When children, out of natural curiosity, touch a hot stove burner, they learn very quickly never to do that again. As I see several states contemplating prescription drug importation plans and having conversations with the Food and Drug Administration about how they can arrange wholesale drug imports from Canada, I find myself wishing that these state officials had a child’s capacity for self-protection and a determination to prevent themselves — and, more important, their citizens — from getting repeatedly burned.
Eight years ago, Maine legalized foreign drug importation. Acting as president of the Maine Pharmacy Association, I bought three popular medications — a blood thinner, an anti-inflammatory medicine and a pill for acid reflux — from an entity representing itself as a Canadian pharmacy. I did not receive the name-brand drugs I had ordered, but rather generic versions that originated not from Canada, but from India, Turkey and Mauritius, respectively.
In testing the drugs, I found that the blood thinner had only 58 percent of the stated dose, the anti-inflammatory only 77 percent of a standard dose, and the acid reflux medicine contained an unknown contaminant. None of the three medicines sent to me were FDA approved nor were they approved for use in Canada.
There was nothing Maine could do to sanction the sellers. After years of work by the Department of Justice, the sellers were charged in federal court for distributing misbranded medications and money laundering. They pleaded guilty.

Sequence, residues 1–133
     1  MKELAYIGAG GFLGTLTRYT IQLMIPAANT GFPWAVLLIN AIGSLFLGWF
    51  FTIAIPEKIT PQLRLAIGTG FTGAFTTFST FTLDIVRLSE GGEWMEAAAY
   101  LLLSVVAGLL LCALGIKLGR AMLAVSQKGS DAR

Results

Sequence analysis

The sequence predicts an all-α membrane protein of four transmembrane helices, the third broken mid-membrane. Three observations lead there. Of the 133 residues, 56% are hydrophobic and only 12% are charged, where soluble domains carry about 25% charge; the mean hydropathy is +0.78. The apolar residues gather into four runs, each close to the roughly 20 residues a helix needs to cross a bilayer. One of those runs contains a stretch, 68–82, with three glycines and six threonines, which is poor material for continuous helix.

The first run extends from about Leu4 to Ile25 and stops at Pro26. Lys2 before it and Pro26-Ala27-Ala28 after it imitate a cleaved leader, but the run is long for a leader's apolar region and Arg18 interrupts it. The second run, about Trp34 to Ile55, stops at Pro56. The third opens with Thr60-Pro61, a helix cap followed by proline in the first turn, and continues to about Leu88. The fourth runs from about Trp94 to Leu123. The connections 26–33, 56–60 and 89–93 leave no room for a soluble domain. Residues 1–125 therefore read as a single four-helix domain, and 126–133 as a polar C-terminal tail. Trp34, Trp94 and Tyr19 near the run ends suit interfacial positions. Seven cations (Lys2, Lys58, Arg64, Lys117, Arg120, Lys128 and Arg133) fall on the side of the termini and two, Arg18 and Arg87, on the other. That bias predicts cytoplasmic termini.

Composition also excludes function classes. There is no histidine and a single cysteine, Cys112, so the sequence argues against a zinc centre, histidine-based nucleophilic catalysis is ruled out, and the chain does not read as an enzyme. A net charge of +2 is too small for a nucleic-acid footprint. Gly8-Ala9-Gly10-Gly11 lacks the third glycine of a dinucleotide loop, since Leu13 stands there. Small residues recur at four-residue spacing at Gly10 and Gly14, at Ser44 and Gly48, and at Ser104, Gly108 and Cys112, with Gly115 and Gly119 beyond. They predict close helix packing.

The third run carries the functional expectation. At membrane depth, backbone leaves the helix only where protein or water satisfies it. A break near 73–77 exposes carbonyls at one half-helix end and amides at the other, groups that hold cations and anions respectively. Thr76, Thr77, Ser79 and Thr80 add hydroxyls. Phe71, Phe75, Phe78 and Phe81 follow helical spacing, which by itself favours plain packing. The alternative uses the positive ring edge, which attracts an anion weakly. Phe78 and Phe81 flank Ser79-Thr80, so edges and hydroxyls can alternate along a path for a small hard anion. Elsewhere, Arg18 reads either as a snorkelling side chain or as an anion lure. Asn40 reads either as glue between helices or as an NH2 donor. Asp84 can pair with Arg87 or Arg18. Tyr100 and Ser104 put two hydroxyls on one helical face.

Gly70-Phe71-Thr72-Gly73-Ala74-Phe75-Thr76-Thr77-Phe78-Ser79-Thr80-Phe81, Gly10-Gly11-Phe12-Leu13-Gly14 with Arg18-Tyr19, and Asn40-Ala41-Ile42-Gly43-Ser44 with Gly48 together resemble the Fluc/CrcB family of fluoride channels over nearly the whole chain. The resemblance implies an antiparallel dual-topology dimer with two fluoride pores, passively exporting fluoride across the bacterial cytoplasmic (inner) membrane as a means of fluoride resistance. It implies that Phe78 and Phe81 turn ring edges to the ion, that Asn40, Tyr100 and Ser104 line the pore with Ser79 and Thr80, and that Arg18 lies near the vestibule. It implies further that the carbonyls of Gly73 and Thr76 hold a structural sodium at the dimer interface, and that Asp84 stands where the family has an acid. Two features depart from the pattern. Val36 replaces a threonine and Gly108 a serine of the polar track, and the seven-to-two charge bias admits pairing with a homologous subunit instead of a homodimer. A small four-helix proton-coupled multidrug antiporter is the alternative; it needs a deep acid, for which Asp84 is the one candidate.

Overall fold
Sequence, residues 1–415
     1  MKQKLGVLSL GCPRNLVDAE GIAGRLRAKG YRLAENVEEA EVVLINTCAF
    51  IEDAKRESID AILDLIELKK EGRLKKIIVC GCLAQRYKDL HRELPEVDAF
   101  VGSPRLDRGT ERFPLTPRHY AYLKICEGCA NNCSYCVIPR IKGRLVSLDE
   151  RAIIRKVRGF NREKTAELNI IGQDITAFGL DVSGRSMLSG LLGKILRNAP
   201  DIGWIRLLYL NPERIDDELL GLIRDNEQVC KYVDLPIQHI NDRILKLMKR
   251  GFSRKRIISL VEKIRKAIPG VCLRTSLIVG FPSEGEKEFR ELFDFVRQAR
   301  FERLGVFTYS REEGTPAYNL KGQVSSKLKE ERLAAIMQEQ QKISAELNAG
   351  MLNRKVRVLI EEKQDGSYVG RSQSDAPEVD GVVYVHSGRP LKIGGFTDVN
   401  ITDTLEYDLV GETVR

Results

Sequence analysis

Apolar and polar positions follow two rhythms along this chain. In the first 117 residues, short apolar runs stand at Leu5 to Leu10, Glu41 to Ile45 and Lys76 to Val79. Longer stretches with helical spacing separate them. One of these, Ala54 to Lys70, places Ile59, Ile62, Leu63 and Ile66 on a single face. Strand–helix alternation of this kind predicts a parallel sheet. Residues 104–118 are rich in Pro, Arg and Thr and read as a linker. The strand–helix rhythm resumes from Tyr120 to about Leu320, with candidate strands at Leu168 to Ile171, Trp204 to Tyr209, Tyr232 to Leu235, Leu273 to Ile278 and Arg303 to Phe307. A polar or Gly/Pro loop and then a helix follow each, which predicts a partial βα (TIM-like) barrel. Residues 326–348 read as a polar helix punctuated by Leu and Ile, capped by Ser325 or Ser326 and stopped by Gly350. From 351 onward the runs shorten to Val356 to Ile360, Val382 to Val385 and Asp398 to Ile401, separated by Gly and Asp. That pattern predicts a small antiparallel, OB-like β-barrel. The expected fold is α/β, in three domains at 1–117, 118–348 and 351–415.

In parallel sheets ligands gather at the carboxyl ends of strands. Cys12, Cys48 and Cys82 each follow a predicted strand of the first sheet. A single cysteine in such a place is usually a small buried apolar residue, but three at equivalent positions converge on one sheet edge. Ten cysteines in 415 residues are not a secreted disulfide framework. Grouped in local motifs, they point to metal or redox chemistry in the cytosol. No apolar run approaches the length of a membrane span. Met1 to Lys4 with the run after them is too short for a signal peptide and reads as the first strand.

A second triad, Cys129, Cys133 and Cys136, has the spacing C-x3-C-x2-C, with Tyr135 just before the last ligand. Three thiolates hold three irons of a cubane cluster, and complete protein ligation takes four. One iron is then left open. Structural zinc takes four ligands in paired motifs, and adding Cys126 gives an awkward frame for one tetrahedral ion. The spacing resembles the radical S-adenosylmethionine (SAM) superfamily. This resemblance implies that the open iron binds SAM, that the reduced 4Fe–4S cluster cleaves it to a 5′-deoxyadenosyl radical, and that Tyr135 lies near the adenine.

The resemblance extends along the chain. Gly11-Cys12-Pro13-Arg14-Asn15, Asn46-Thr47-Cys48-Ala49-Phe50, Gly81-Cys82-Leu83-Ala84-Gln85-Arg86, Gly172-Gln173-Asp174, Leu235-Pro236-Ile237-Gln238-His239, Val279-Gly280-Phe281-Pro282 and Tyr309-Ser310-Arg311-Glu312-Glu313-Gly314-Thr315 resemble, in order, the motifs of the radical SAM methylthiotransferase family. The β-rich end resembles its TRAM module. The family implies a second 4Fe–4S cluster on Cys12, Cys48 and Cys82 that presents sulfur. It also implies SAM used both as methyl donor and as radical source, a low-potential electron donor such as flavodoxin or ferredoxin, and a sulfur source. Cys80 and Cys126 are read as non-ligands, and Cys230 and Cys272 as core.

And now there are public officials across the country who are reaching to touch that hot burner once again, even though the danger is evident.
We are in the midst of a global counterfeit drug crisis. Throughout the world, people are taking medicines they believe are legitimate but that, at best, don’t contain the active ingredients they need for their health conditions and, at worst, contain deadly contaminants like fentanyl. And the problem extends beyond just drugs. Last June, the Department of Homeland Security seized more than 2 million facemasks bought by Maine. State officials thought they were getting 3M-manufactured masks made in the United States or Canada. Instead, they were fakes peddled by a company in Hong Kong.
The idea that we can safely buy prescription drugs from Canada is a fallacy. Simple logic tells us that it can’t possibly be done without risking public health. First, virtually no medicines consumed by Canadians are made in Canada. Canada must buy its drugs from other sources and, because the country has no production capacity of its own, Canada frequently faces shortages. The Canadian government has enacted laws barring the nation’s wholesalers from selling to states like Maine and Florida because it doesn’t have enough pharmaceuticals for its own people.
That would leave Maine residents relying upon whatever bulk drug shipments the state could scrounge from sketchy vendors. But instead of fake facemasks, we could find our medicine cabinets filled with fake blood thinners or counterfeit cancer drugs.
I understand the desire to reduce patients’ out-of-pocket costs at the pharmacy counter, but not only would importation schemes endanger patients but they would have no meaningful effect on patients’ wallets. There are better options, like investigating the flaws in the prescription drug supply chain that enable middlemen to pocket negotiated rebates and discounts instead of using those savings to lower costs for consumers.
The idea, though, that wholesale drug importation from foreign countries, like Canada, is our miracle solution for high healthcare costs is a fool’s errand. Having tested these imported drugs myself, I certainly wouldn’t allow my patients or any member of my family to take them and neither should anyone else. Maine has touched that hot burner once. Why would we do it again?